Critical DisBelief

When certainty becomes uncertain…


On 21 August the domain will expire and this blog will only be accessible via the address

UPDATE: The archived posts are available here:

What started as a series of critical questions, totally committed to Christianity ended in disillusionment not only with the Church but also with historic Christian Faith even in it’s most liberal forms. Calvinism, which I detest, is indeed the most systematic theology and universalism the most moral. It could be that Calvinistic Universalism is the answer but…

…given the brute fact that today, and every day hence, a young boy will starve to death and a young girl be sold for pleasure, I reject the existence, still less, the “worshipability” of any God who is in a position to prevent this. A powerless God maybe, but not the Good Powerful God of our monotheistic faiths. This is a problem requiring a solution, not a crafted answer nor any words and I’ll support any cause/religion working towards it’s end.

Thanks for reading!


PS: Jesus is Lord!

PPS: Honour in Defeat.


2 responses to “Farewell

  1. John Valade August 8, 2011 at 1:36 pm

    Is it possible that you might be underestimating God’s longsuffering with human sin? Or is is perhaps possible that ultimate victory is also a matter of factors of timing that are literally beyond human ken?

    I believe that human free will is very real. (OK, so that probably makes me more Arminian than Calvinist.) It is also the cause of most human suffering. To stop suffering would require God to either remove human will or persuade human beings to follow His will.

    I honestly believe that God has found a way to allow human beings to retain free will and yet end suffering by changing the heart. I have confidence that victory has been achieved, but the scoreboard doesn’t reflect that yet.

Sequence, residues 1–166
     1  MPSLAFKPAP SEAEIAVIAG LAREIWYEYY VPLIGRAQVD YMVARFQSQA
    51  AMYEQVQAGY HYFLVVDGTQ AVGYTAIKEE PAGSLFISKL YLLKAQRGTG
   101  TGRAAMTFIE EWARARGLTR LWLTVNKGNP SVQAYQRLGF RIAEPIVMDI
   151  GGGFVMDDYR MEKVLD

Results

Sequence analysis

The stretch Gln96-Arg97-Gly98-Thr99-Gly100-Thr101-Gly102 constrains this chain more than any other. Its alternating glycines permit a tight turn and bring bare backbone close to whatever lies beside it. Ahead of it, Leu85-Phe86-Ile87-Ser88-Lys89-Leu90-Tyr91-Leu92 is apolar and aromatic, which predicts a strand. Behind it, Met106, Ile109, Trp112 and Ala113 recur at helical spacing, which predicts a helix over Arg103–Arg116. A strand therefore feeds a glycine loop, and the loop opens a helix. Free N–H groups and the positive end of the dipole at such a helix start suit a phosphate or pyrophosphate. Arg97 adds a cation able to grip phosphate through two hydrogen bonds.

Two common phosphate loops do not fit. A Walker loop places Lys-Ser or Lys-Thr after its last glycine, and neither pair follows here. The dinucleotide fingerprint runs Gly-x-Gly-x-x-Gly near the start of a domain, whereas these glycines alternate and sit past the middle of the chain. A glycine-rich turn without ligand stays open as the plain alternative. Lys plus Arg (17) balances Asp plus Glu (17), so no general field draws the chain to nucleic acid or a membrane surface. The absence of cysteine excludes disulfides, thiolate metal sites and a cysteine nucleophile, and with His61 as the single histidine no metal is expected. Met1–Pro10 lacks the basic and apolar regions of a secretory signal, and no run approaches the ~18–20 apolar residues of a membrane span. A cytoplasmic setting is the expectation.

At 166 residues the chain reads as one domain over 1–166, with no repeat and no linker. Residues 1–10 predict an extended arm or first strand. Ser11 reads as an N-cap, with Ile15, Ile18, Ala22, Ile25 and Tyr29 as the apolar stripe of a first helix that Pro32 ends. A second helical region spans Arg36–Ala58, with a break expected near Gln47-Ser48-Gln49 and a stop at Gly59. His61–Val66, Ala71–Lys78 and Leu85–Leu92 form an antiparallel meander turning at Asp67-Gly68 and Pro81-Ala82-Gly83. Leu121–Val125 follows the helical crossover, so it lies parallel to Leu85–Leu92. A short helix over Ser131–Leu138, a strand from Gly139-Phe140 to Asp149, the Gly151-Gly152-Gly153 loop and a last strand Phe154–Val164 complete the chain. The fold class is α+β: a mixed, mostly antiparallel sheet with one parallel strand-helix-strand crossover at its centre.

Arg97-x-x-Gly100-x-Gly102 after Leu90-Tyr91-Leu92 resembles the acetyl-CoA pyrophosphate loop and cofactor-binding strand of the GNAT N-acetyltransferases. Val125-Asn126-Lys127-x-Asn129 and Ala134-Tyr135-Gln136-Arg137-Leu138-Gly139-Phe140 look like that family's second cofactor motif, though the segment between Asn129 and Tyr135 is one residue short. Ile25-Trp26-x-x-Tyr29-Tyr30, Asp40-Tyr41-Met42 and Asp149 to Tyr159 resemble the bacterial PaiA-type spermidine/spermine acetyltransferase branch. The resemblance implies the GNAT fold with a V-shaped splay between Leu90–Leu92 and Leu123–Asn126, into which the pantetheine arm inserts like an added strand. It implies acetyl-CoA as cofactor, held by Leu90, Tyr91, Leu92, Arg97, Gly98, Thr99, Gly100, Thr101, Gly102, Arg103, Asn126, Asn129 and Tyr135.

I wish you the best in your journey from here on.

  2. Marc August 8, 2011 at 2:14 pm

    The problems with the free-will argument, which I myself used to propose, are insurmountable. Scenarios of limited freedom can easily be imagined which are morally far superior to the mess we’re in. In other words the rape of a child is not less important than the freedom of the rapist. Even our supposed “perfect” garden contained a snake and a tempting tree and (supposedly perfect) people with the propensity to disobey i.e. sin.

    If I want my children not to hurt themselves and others I limit their freedom. And I certainly don’t stand aside when they are harmed in the name of the criminal’s freedom. Why is it wrong for us not to intervene if God doesn’t. Indeed there seems to be no limit to the atrocities humans are allowed, by God, to commit without divine intervention. Even if there is a limit, it’s too free: less freedom, save the children!

    But mainly, and this pushed me over the edge: Any philosophical argument or answer we can come up with, biblical or not (and free-will isn’t really in the Bible) leaves the child in the basement, the stomach empty. We in the comfy West may find intellectual “solutions” but there really is no answer, nor can there be unless we are to forsake all morality, which vindicates a God who lets this go on another minute.

    Jesus’ own answer was not one of the modern options. Jesus said: God is acting now to end this and it’s gonna happen in your lifetime! Imminent eschatalogy is a much better answer than “there is some purpose in this” but it is clear that the Eschaton did not come for Jesus: My God, why have you forsaken me!

Leave a Reply

Fill in your details below or click an icon to log in: Logo

You are commenting using your account. Log Out /  Change )

Google+ photo

You are commenting using your Google+ account. Log Out /  Change )

Twitter picture

You are commenting using your Twitter account. Log Out /  Change )

Facebook photo

You are commenting using your Facebook account. Log Out /  Change )


Connecting to %s

%d bloggers like this: